But now those desiring more transparency and long-term risk assessments include the Securities and Exchange Commission, which signaled this summer that it might soon mandate environmental disclosures for public companies, and private equity firms like Carlyle Group and BlackRock, whose chief executive, Laurence D. Fink, is pushing for more disclosure of climate risk and backing the creation of a common global disclosure framework for corporate environmental risk. The Canadian real estate firm Ivanhoe Cambridge has even linked $6.87 billion of its debt to the environmental performance of its portfolio — hitting sustainability targets means paying less interest.
The alphabet soup of standards — like LEED and GRESB — can be confusing, and many see the lack of common guidelines and technology as an issue, fueling a widespread belief that the market pull of more disclosure can be a more effective means of cutting carbon than heavy-handed regulations alone.
“The S.E.C. and others are just saying, ‘Disclose your risk,’ and investors will decide what they want to do,” said John Mandyck, chief executive of the Urban Green Council in New York.
Critics see many issues with sustainable investment, including so-called greenwashing, in which companies present a misleading image of environmental responsibility. Doing good also doesn’t always improve the bottom line.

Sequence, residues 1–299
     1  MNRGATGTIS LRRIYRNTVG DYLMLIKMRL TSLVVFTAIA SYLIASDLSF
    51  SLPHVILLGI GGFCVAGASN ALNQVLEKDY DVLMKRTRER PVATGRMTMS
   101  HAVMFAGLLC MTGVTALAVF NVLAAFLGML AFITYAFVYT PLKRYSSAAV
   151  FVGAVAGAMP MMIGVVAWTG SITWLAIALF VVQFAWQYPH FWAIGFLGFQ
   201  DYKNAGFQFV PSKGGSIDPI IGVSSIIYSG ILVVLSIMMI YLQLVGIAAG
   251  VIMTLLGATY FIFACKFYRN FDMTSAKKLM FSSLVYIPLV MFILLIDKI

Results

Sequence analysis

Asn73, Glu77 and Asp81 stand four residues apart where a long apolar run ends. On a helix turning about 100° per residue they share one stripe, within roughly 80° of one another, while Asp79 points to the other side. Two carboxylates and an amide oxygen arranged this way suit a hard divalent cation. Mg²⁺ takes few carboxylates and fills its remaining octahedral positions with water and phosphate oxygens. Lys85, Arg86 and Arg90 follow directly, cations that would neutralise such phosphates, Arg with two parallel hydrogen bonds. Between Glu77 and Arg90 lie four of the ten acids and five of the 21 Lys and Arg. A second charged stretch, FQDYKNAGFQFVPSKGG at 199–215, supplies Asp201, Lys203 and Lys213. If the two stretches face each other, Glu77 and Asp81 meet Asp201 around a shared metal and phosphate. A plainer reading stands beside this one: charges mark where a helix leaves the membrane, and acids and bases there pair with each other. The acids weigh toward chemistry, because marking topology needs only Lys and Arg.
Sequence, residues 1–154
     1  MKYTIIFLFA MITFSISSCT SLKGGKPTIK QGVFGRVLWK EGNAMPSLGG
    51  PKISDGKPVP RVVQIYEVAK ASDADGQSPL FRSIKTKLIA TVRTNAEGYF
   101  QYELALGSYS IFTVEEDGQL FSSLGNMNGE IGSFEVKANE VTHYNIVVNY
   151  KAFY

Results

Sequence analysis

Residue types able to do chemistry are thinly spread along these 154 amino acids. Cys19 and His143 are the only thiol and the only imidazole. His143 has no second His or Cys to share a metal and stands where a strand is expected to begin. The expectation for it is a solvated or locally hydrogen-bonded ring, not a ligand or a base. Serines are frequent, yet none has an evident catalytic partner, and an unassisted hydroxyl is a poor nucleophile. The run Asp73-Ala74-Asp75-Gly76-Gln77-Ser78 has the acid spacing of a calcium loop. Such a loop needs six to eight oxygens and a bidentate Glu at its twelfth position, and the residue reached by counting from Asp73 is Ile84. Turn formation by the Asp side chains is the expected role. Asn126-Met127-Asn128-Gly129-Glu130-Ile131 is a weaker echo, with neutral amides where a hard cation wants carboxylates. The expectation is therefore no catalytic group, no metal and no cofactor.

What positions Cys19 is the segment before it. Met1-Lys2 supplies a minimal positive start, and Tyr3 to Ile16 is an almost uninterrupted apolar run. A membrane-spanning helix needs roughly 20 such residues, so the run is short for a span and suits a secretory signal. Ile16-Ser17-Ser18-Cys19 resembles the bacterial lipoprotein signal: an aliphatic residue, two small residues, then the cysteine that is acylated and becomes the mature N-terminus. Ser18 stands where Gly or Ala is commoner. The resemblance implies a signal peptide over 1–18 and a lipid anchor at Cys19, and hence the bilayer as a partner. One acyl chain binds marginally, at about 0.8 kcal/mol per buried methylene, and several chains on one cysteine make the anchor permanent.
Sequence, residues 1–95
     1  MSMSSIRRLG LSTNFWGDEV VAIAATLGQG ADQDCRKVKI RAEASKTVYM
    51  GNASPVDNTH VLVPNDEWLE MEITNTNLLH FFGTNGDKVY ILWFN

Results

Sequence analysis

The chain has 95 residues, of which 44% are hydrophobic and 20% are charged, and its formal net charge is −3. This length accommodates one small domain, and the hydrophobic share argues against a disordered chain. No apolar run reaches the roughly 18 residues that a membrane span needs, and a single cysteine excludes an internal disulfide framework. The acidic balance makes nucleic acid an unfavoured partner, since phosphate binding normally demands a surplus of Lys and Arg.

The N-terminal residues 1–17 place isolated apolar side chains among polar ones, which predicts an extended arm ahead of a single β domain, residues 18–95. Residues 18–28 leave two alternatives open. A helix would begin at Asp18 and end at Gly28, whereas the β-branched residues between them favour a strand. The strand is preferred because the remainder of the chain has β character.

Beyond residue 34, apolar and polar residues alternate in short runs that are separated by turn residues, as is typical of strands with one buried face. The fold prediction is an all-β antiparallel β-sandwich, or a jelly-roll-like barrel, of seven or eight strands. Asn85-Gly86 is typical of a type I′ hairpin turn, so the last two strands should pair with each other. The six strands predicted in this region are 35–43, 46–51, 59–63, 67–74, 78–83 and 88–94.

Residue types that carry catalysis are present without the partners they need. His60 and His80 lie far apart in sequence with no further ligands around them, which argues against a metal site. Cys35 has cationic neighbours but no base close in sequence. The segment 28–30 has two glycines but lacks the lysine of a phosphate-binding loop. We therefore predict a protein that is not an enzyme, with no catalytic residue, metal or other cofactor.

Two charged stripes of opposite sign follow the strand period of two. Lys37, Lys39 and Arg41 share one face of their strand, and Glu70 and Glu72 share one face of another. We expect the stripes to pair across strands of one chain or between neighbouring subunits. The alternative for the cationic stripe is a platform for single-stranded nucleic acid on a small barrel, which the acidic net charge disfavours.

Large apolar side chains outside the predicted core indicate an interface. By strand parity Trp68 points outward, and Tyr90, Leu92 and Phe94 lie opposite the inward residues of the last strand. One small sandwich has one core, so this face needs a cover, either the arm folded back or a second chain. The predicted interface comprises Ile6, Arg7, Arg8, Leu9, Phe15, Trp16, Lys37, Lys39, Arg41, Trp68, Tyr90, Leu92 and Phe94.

But the process of selecting E.S.G. investments doesn’t just screen out bad assets, it also helps investors gravitate toward better ones, a Harvard study found. More sustainable buildings attract higher-quality tenants and allow for higher rents, up to 10 percent more, according to a study of London office space by JLL.
More accurate tools and data make it increasingly easier for asset managers and investors to compare properties, portfolios and performance. For instance, Measurabl, a climate tech system, measures energy and resource performance across 10 billion square feet of assets.
“If I have better E.S.G. data, I can attract more capital, at a better cost of capital,” said Greg Smithies, a partner at Fifth Wall and leader of its climate technology investment team.
The most important use of this technology is likely to be in evaluating and retrofitting existing buildings. Fund managers will need to understand which ones can be updated to meet new standards and regulations and which ones are likely to become stranded assets, an increasingly tricky calculation as building technology matures.
Older buildings that don’t lower their carbon footprint are likely to suffer a “brown haircut” and depreciate in value in as soon as five years, said Oliver Light, commercial director for Carbon Intelligence, a London firm advising firms that manage $111 billion in assets. Not investing with sustainability in mind now means higher costs in the long run.
“Our largest clients will no longer buy an asset until our team of engineers has done a due diligence report on that acquisition,” Mr. Light said. “They’ll know what they need to spend on an asset in 10 to 15 years, and if it’s too much, say a glass skyscraper that’ll never hit the right performance metrics, then why buy such a risky asset?”